Air Tight ATM-211 tube monoblock power amplifier Page 4
The question of how much power is enough to drive a given speaker can't be answered without knowing not only how the amp and the speaker interact, but also the size of the room and—most important—the person's listening preferences. I would be reluctant to endorse the ATM-211 as being suitable for all speakers at or above the Studio/20's 89dB/86dB sensitivity, but I would urge that anyone attracted to this amp consider it, even if their speakers are not in the high-sensitivity category.
By my standards—and, I suspect, the standards of most Stereophile readers—$9800 is a lot of money to consider spending on a pair of amplifiers, especially if their output is only 22Wpc. Very good-sounding amplifiers are available for a lot less, the similarly powered $1595 Quicksilver Horn Mono providing a superb value-for-money example. For me, any amplifier that costs nearly $10k must deliver sonic performance that goes significantly beyond that available from other, more sensibly priced alternatives.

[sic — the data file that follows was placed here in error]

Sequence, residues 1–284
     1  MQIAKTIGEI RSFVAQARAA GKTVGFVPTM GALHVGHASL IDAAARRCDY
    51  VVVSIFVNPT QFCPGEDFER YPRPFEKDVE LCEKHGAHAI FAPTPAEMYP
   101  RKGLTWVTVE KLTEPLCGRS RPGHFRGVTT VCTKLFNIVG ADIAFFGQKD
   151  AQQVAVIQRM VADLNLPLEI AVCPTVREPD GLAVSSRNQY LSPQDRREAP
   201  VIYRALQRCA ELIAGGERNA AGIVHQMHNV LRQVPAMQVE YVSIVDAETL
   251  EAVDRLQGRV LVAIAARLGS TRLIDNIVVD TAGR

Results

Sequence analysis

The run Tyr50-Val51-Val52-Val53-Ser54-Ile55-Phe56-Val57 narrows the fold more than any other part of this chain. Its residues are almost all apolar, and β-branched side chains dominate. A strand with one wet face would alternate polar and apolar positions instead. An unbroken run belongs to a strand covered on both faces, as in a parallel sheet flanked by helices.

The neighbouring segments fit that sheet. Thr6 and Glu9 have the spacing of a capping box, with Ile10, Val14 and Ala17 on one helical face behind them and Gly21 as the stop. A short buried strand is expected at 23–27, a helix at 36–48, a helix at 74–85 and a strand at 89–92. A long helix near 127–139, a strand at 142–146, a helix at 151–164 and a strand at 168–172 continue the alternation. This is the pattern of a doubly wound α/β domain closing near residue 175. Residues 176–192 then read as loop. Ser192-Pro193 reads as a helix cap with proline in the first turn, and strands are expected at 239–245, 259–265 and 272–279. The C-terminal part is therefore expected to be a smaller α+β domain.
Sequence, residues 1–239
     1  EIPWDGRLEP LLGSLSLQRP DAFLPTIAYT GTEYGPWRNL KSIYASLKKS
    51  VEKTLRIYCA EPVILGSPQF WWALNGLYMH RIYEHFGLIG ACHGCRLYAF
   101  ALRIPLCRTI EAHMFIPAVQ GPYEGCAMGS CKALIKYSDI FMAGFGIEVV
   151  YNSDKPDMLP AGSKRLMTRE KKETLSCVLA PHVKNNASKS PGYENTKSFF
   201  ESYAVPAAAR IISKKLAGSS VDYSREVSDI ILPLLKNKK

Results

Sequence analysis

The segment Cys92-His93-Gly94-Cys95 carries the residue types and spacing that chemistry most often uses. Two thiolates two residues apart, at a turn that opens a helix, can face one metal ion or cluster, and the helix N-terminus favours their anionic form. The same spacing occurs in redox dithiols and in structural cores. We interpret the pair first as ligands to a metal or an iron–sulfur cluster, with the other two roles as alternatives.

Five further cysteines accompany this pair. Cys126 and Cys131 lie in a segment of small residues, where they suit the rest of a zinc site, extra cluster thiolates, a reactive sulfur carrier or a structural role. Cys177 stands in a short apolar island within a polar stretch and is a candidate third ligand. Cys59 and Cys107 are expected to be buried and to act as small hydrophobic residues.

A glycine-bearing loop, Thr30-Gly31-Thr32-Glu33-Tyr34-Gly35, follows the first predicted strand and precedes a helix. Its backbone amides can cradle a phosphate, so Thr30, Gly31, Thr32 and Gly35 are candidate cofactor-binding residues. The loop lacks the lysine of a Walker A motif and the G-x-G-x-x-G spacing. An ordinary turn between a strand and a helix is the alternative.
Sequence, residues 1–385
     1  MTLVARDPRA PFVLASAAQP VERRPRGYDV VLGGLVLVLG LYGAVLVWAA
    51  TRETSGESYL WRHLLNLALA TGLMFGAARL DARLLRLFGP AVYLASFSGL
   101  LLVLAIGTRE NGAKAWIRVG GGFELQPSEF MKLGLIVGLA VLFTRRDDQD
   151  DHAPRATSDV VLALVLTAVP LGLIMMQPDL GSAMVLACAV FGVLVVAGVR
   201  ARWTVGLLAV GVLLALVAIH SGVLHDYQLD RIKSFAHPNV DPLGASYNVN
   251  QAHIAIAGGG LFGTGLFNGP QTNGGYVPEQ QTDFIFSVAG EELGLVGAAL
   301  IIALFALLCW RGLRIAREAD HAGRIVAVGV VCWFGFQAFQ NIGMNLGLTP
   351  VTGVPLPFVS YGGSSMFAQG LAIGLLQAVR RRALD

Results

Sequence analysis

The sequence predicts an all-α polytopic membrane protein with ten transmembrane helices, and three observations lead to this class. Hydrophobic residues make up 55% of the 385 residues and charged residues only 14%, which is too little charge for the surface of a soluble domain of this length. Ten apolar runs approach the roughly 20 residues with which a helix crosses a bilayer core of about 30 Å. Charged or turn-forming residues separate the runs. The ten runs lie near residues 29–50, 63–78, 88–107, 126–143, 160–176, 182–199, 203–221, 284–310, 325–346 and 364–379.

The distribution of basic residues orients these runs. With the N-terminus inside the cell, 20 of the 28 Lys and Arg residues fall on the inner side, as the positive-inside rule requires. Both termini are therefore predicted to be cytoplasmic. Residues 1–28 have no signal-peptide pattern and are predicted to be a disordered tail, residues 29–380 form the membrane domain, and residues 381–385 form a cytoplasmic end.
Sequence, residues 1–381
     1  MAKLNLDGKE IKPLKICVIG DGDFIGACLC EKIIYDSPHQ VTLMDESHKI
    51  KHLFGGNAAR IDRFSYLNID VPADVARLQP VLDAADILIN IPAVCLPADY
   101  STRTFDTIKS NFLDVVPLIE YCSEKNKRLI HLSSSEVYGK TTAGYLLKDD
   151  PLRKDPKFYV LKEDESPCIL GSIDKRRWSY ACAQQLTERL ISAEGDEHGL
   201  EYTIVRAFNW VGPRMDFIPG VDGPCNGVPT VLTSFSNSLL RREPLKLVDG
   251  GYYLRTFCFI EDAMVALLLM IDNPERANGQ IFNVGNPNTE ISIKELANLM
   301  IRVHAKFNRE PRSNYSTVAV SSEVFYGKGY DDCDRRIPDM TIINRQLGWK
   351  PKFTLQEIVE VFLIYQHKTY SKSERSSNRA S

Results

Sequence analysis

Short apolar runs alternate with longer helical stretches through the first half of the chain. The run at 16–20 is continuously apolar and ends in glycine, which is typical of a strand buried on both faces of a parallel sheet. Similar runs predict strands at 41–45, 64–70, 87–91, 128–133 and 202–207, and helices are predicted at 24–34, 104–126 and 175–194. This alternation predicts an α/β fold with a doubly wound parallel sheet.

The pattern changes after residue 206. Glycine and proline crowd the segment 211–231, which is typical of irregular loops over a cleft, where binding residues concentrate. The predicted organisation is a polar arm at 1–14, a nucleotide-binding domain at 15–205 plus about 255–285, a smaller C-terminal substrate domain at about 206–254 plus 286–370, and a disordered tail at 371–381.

The Air Tight ATM-211 does that. Beautifully built, the ATM-211 has a touch of the exotic in its appearance, and offers outstanding transparency, tonal neutrality, soundstage width and depth, and dynamics that make it sound like a much more powerful amplifier. Although the noise level with the ultrasensitive Avantgarde Unos was higher than I would have liked, and I didn't think that the ATM-211 quite matched the midrange magic of low-powered SETs, I felt that, overall, the ATM-211 was probably the best-sounding amplifier I've had in my system.
Footnote 1: Some Stereophile readers have expressed disappointment that reviews do not always make direct comparisons between the component being reviewed and previously reviewed competing products. I agree that comparisons are important, but the logistics of reviewing are such that the ideal A/B comparison is seldom practicable. When the listening part of a review is finished, the product is normally sent to Stereophile to be measured and photographed, and then returned to the manufacturer. Manufacturers typically have only one or two units designated as review samples, and these are sent around to various magazines.—Robert Deutsch